Payday 3's launch has gone so badly that Starbreeze says it's now 'looking at the possibility of some sort of offline mode'

Payday 3 trailer still
(Image credit: Starbreeze Studios)

The launch of heist-shooter Payday 3 last week has not gone well. Persistent server problems have frustrated players, and the game's always-online requirement means that even people who want to play solo are having trouble getting into the game. The net result: A disastrous "mostly negative" user rating on Steam, where 68% of the nearly 25,000 user reviews are now thumbs down.

Developer Starbreeze has issued a statement on the situation, saying that Payday 3's matchmaking software ran into "an unforeseen error" which left it unable to handle the large number of players trying to get into the game. Making matters worse, a new version of the matchmaking software that rolled out over the weekend seemed to improve the situation—until a software update made on Sunday by Starbreeze's "third-party matchmaking partner" caused new instability in the server infrastructure.

"We are disappointed in the issues our playerbase has faced during our launch weekend, but we are confident in our core product and the quality of Payday 3—and all available metrics point to it," Starbreeze CEO Tobias Sjögren said. "We have a lot of diligent and consistent work ahead of us to regain community trust, but we will work hard to do it."

The one potential upside to the mess is that it could mean Payday 3 ends up with a proper offline mode for singleplayer action. Starbreeze said that it is now looking for a new matchmaking services partner for Payday 3, and also making the game "less dependent on online services."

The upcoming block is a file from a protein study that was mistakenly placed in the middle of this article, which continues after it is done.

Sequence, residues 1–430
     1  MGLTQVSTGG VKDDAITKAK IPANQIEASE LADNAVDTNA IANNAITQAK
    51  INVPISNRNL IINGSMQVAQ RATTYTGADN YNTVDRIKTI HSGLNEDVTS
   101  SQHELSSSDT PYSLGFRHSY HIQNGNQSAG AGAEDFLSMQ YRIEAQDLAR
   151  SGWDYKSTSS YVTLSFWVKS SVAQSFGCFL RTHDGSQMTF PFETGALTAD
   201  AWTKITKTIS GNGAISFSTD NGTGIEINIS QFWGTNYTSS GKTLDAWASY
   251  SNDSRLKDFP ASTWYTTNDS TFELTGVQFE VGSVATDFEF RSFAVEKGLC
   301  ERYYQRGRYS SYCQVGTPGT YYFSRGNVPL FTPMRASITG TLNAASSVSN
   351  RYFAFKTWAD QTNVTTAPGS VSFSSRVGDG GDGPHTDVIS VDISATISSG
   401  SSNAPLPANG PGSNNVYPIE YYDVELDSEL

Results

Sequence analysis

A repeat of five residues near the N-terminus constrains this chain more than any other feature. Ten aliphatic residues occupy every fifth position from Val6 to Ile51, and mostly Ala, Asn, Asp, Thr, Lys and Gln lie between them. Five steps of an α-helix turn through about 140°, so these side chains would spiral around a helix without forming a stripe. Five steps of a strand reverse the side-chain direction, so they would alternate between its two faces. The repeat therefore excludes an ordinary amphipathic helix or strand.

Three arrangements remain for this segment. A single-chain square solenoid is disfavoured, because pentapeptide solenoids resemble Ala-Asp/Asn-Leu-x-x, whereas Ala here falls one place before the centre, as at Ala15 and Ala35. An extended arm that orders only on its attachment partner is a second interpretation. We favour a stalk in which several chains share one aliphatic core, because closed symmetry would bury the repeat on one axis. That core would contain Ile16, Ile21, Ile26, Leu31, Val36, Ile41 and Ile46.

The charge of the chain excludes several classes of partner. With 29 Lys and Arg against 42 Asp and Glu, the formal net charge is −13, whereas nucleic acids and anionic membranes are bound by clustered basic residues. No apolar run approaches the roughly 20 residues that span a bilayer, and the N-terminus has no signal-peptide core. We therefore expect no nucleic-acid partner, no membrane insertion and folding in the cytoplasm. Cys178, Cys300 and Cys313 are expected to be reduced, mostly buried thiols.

Sjögren affirmed on Twitter that the development team is "looking at [the] possibility to add some sort of offline mode."

(Image credit: Tobias Sjögren (Twitter))

Payday 3 is the latest game to demonstrate that requiring a persistent online connection for singleplayer is never a good idea. Microsoft figured it out a decade ago with the Xbox One, and Bethesda got the message earlier this year with Redfall: It's an irritant as a matter of principle, but there can be seriously negative practical consequences too. Starbreeze will no doubt get these problems fixed up eventually and if the always-online mandate is dropped, so much the better.

For now, though, it looks like gamers eager to jump into Payday 3 could be facing a rough ride for a while yet: I tried logging in today to see how things are going, and three attempts to start a solo game (by creating an "invite only" game) led to this:

(Image credit: Starbreeze Studios)

In a statement sent to PC Gamer, Starbreeze said it has a team "working around the clock on several initiatives and investigations to implement the fixes required to get matchmaking to a place our players deserve." It has already implemented some changes that it hopes will improve the situation, and plans to implement more during another round of maintenance on September 29.

The studio also said that while an offline mode isn't a sure thing, it's one option that developers are looking at.

"We have not started working on an offline mode today, but we are keen on finding the best possible solutions to improve the player experience, so it’s definitely on the table," Starbreeze said. "Multiple paths are currently being evaluated both from an experience and implementation perspective and we’ll share more information when we have a clearer commitment."

Andy Chalk

Andy has been gaming on PCs from the very beginning, starting as a youngster with text adventures and primitive action games on a cassette-based TRS80. From there he graduated to the glory days of Sierra Online adventures and Microprose sims, ran a local BBS, learned how to build PCs, and developed a longstanding love of RPGs, immersive sims, and shooters. He began writing videogame news in 2007 for The Escapist and somehow managed to avoid getting fired until 2014, when he joined the storied ranks of PC Gamer. He covers all aspects of the industry, from new game announcements and patch notes to legal disputes, Twitch beefs, esports, and Henry Cavill. Lots of Henry Cavill.